Chicago Theatre Review
A Comedy Tonight!
A Funny Thing Happened on the Way to the Forum – Porchlight Music Theatre
It’s hard to believe that this hysterical musical comedy has been around since 1962. The show features a book cowritten by Burt Shevelove and Larry Gelbart, two highly respected comic writers from the 1950’s, with long lists of television and theatrical credits. And, in one of his earliest Broadway ventures, it’s the first musical to feature both melody and lyrics by the master of musical theater, Stephen Sondheim. The result is an absolutely sublime evening of theatre that, even in a substandard production, would be guaranteed to incite riotous laughter.
But Porchlight Music Theatre’s current production is anything but substandard. In a fitting finale to their glorious “Season of Sondheim,” laughter and music rein supreme. Artistic Director Michael Weber once again demonstrates his talent, not only as an excellent director of musicals, but as a sharp air traffic controller of farce. Given all the running, stair climbing, door slamming, pratfalls, double-takes and over-the-top comedy, this show is definitely farcical and Mr. Weber proves he has a gift for staging such fast-paced shows with ease. Ably assisted by talented Musical Director Linda Madonia (who also mans the piano, while conducting her six-piece orchestra) and Choreographer extraordinaire, Brenda Didier, whose dances are both exotic and goofy, this production takes off with a bang and never slows down until after the final curtain.
The plot, believe it or not, is inspired by the comedies by Plautus, an ancient Roman playwright who wrote way before the birth of Christ. This musical tells of Pseudolus, a slave to his henpecked master, Senex, his overbearing mistress, Domina, and their naive boy, Hero. While the boy’s parents are off on a journey, Pseudolus is left in charge of their son. He makes a bargain with his young charge that if he can unite Hero with Philia, the young virgin he’s been pining over (who happens to be a new courtesan at the pleasure palace of Marcus Lycus), Pseudolus will earn his freedom. Add to the story an arrogant warrior named Miles Gloriosus, a befuddled old man named Erronius, whose children were stolen by pirates, a bevy of sexy beauties and a versatile trio of comedic acrobats and you have a fool-proof recipe for comedy.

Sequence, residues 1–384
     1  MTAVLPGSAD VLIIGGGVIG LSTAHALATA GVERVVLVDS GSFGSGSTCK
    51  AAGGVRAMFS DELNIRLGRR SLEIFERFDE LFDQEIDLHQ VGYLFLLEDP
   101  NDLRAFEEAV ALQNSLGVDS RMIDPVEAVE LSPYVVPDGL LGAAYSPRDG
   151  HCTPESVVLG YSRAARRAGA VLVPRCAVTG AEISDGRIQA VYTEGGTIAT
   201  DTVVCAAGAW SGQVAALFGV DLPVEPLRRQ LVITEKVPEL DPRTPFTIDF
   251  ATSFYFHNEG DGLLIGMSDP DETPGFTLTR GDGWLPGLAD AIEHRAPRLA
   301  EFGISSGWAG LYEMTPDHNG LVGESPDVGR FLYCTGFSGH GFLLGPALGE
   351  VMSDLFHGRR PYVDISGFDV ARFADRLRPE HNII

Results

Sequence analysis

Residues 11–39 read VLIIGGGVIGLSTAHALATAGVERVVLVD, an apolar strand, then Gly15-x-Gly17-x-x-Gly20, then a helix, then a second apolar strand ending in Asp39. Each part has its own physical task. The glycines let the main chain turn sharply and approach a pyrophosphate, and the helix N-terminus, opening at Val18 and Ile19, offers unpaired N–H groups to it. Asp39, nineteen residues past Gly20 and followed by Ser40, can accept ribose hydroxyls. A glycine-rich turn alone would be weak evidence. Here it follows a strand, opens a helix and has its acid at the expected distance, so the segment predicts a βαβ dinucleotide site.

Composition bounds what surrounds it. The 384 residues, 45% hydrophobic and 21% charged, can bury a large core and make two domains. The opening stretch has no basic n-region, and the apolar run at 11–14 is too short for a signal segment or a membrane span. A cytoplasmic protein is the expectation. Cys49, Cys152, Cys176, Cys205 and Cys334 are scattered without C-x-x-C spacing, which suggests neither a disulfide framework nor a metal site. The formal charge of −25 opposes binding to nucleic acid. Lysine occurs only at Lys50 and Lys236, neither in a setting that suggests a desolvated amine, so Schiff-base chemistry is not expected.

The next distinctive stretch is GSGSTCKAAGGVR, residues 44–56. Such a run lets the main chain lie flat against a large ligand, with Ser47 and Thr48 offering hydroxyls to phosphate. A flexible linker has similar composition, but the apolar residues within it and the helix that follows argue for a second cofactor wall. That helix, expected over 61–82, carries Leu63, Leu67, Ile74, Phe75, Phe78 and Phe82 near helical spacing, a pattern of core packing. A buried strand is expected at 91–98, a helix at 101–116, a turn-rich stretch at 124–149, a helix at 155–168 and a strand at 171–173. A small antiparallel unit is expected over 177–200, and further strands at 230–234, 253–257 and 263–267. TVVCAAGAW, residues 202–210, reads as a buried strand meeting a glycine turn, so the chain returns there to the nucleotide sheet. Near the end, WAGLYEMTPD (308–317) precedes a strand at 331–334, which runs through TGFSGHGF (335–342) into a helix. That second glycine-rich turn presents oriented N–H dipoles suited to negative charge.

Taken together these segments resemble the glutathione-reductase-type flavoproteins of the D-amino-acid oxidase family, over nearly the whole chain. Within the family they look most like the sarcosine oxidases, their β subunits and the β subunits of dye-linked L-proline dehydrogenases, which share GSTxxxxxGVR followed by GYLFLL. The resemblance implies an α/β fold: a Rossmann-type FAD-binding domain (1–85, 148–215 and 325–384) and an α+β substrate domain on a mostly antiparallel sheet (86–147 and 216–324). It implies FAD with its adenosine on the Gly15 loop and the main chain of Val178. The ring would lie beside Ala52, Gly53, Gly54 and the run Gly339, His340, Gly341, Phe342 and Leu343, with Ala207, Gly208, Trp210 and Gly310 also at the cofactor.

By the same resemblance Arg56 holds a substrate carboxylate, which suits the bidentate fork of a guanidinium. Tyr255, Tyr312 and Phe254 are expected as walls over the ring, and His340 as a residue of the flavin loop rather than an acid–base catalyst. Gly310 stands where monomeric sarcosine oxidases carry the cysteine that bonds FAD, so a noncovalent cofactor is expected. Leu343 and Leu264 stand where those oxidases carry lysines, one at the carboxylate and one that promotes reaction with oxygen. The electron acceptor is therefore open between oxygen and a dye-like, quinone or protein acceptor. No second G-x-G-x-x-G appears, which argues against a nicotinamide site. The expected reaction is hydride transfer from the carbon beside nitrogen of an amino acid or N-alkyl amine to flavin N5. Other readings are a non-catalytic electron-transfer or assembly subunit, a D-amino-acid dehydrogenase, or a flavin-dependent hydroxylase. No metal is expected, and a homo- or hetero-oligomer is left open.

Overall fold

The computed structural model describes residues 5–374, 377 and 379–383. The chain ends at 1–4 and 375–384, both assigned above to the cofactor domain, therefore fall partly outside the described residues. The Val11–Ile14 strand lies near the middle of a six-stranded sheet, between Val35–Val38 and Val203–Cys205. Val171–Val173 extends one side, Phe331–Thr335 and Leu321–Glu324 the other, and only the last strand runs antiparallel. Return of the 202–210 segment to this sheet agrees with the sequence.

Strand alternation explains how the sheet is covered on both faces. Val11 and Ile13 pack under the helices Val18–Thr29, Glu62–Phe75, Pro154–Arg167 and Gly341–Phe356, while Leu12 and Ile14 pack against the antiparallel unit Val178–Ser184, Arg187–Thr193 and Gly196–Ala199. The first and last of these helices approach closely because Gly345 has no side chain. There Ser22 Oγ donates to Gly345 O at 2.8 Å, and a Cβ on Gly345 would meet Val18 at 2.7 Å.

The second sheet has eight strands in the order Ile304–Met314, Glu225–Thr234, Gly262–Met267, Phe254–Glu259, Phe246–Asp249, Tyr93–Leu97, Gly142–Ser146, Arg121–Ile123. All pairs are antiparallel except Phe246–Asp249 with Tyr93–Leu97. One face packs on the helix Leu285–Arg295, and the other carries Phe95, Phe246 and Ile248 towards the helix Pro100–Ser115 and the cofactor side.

Bill Larkin, the Jeff Award-winning actor who impressed audiences as Ed Kleban in “A Class Act,” steps into Pseudolus’ sandals. His talent for broad, bawdy humor and deadpan asides makes this boundlessly energetic actor perfect for the role. He is ably assisted by the magnificent triple-threat, Matt Crowle, as fellow slave, Hysterium. This young actor, whose stage credits include Bert in “Mary Poppins and Patsy in “Spamalot,” is not only a dancer/choreographer, who’s as “graceful as a grouse,” but a master of subtle humor. Together these two actors bring down the house and become the poster boys for Comedy Tonight.
In supporting roles, theatre veteran and TV celebrity Will Klinger makes a delightfully comic and subservient Senex, standing out in musical numbers, like the lascivious “Everybody Ought to Have a Maid” (sung with Pseudolus, Hysterium and Marcus Lycus) and “Impossible,” a duet sung with doe-eyed Miles Blim, as his innocent son, Hero. Carin Brunis, fresh from “The Full Monty,” is imposing and very funny as Domina. Her rendition of “That Dirty Old Man” delightfully displays the matron’s hidden romantic raptures. Lorenzo Rush, Jr. is appropriately smarmy as the purveyor of flesh, Marcus Lycus, and Greg Zawada takes big steps in his portrayal of egotistical military commander, Miles Gloriosus.
Mr. Weber’s production is colorfully dressed by Alexia Rutherford in togas and g-strings and given play upon Megan Truscott’s cartoon-like setting, consisting of three two-stories Roman residences. Becca Jeffords’ lighting is brilliant and Mealah Heidenreich has met the challenge, creating such bizarrely diverse props as a plucked chicken and a goblet of mare’s sweat. Who could ask for anything more?
Want to see what comedy is supposed to look like? Pay a visit to Stage 773 for Porchlight’s final production of their 20th season, where theatergoers can travel back to Ancient Rome, when freeing slaves was the latest fad and hilarity was the word of the day. In a production as outrageously funny as a man dressed in a blond wig and as fast-paced as a sexy Etruscan dancer, this brilliantly performed musical is further proof why Porchlight Music Theatre is one of Chicago’s finest venues.
Reviewed by Colin Douglas
Presented April 17-May 24 by Porchlight Music Theatre at Stage 773, 1225 W. Belmont, Chicago.
Tickets are available at the box office, by calling 773-327-5252 or by going to www.porchlightmusictheatre.org.
Additional information about this and other area productions can be found by visiting www.theatreinchicago.com.